chances of retaining the title on the
eve of the tournament.
"Honestly, I don t feel any pres-
sure," said Williams, keeping her
answers short at a pre-tournament
news conference yesterday. "I feel
good and confident."
Williams surprised many by failing
to win any of the last three Grand
She fell to Roberta Vinci of Italy
in the 2015 US Open semifinal,
Angelique Kerber of Germany in the
2016 Australian Open final and Gar-
bine Muguruza of Spain in the
French Open final earlier this month.
Instead of bemoaning those losses,
however, Williams prefers to focus
on coming back stronger.
"I think it s important to learn
from every loss that you have," she
said. "I think, in particular, through-
out my whole career (I) have been
able to learn a lot to come back a
much better player."
Williams enters Wimbledon main-
taining her number one ranking for
what will be an impressive 300th
week at the top.
Nevertheless, Muguruza, Kerber,
Agnieszka Radwanska and Simona
Halep are all positioned to oust
Williams from the top spot by the
end of Wimbledon.
Williams will play 148th-ranked
qualifier Amra Sadikovic of Switzer-
land, a player she admits knowing
nothing about, in the first round on
"It doesn t matter who I play," she
said. "It doesn t matter to me."
When she captured her sixth
Wimbledon trophy last year it
capped the second time in her career
she held all four Grand Slam titles
in a non-calendar year. She first
achieved that distinction in 2002-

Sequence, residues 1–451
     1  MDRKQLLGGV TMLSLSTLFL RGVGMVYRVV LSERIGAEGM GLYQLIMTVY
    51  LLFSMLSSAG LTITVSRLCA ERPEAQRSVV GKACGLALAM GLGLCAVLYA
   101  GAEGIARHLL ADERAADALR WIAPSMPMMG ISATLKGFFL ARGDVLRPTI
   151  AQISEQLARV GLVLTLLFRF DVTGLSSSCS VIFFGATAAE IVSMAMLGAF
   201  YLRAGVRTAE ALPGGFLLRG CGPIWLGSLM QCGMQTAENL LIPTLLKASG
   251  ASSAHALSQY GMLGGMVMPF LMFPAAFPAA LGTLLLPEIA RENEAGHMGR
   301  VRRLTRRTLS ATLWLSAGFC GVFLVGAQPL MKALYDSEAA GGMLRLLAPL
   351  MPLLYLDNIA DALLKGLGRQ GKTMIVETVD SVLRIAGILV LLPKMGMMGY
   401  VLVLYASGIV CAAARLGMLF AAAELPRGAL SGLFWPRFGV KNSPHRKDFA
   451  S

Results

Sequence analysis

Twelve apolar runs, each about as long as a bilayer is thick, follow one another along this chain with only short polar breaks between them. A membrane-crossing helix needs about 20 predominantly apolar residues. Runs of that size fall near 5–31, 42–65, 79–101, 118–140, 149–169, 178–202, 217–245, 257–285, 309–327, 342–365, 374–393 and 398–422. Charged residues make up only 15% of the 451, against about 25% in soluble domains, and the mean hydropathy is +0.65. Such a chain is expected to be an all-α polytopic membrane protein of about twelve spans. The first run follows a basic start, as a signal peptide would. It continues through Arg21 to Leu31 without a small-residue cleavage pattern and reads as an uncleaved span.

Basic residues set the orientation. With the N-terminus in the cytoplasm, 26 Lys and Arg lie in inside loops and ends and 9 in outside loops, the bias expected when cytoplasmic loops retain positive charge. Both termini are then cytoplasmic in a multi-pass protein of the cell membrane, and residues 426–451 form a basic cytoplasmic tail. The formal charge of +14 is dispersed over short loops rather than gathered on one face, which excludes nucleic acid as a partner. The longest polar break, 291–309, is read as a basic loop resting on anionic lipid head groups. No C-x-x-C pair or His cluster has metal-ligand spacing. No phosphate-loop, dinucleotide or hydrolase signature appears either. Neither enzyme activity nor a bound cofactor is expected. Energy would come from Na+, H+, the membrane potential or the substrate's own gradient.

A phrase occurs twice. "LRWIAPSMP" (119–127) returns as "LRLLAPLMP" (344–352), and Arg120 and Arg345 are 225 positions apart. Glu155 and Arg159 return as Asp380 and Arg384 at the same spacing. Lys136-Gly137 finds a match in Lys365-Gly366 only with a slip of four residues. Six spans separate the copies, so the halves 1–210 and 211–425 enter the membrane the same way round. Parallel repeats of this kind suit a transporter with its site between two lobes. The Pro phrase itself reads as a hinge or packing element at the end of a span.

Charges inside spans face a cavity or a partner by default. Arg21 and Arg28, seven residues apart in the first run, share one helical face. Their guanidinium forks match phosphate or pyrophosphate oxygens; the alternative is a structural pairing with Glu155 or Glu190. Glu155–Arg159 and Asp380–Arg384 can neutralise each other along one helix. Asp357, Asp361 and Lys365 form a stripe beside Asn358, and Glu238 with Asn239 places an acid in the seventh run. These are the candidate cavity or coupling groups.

"It was a great accomplishment
to win four Grand Slams in a row
twice in my career," Williams said.
"It s pretty cool. It s really awesome."
Like Williams, two-time defending
champion Novak Djokovic arrived
at Wimbledon without having played
a grass court tune-up tournament.
Where the two don t agree is in
their attitude: Williams insists she
feels no pressure to perform this
fortnight, while Djokovic believes
it s impossible to escape those expec-
"It s always present. Pressure is
part of what we do," he said. "It s
inevitable to face this kind of sen-
sation as a top player, being expected
four at least in the tournament, or
Djokovic starts his campaign for
a fourth Wimbledon trophy by taking
on British wildcard James Ward in
a first meeting between the two.
As tradition dictates, Djokovic, as
the men s defending champion, will
open the Centre Court competition.
"It s going to be the first match
on the untouched grass," Djokovic
said. "That s probably one of the
most special tennis matches that
you get to experience as a profes-
sional tennis player."
Djokovic understands the emo-
tions behind simultaneously holding
all four Grand Slam titles, which he
achieved upon winning his first
career French Open title earlier this
Last year, Williams had a chance
to win a calendar Grand Slam, but
came up short at the US Open.
This year, Djokovic remains in
contention to be the first man since
Rod Laver in 1969 to achieve a cal-
endar Grand Slam having already
won the Australian and French
Williams, for one, says Djokovic
could be the player to get the deed
"He has every opportunity to do
it," she said. "I think he ll get it easy.
So he should be fine."
That said, Williams is most inter-
ested in matches finally getting
underway at this year s edition of
"I m definitely ready to start play-
ing at this point," Williams said. "I m
kind of over practicing every day for
two hours, then going to the gym
for some time."
In this January 26 file photo, Roger Federer of
Switzerland plays a forehand return to Tomas Berdych
of the Czech Republic during their quarterfinal match
at the Australian Open tennis championships in
Melbourne, Australia. AP PHOTO
Federer out to turn around frustrating season
Serena Williams set and ready to play
Serena Williams of the US gives her
conference at The All England Lawn
Tennis Club, ahead of the
Wimbledon Tennis Championships
in London, yesterday. AP PHOTO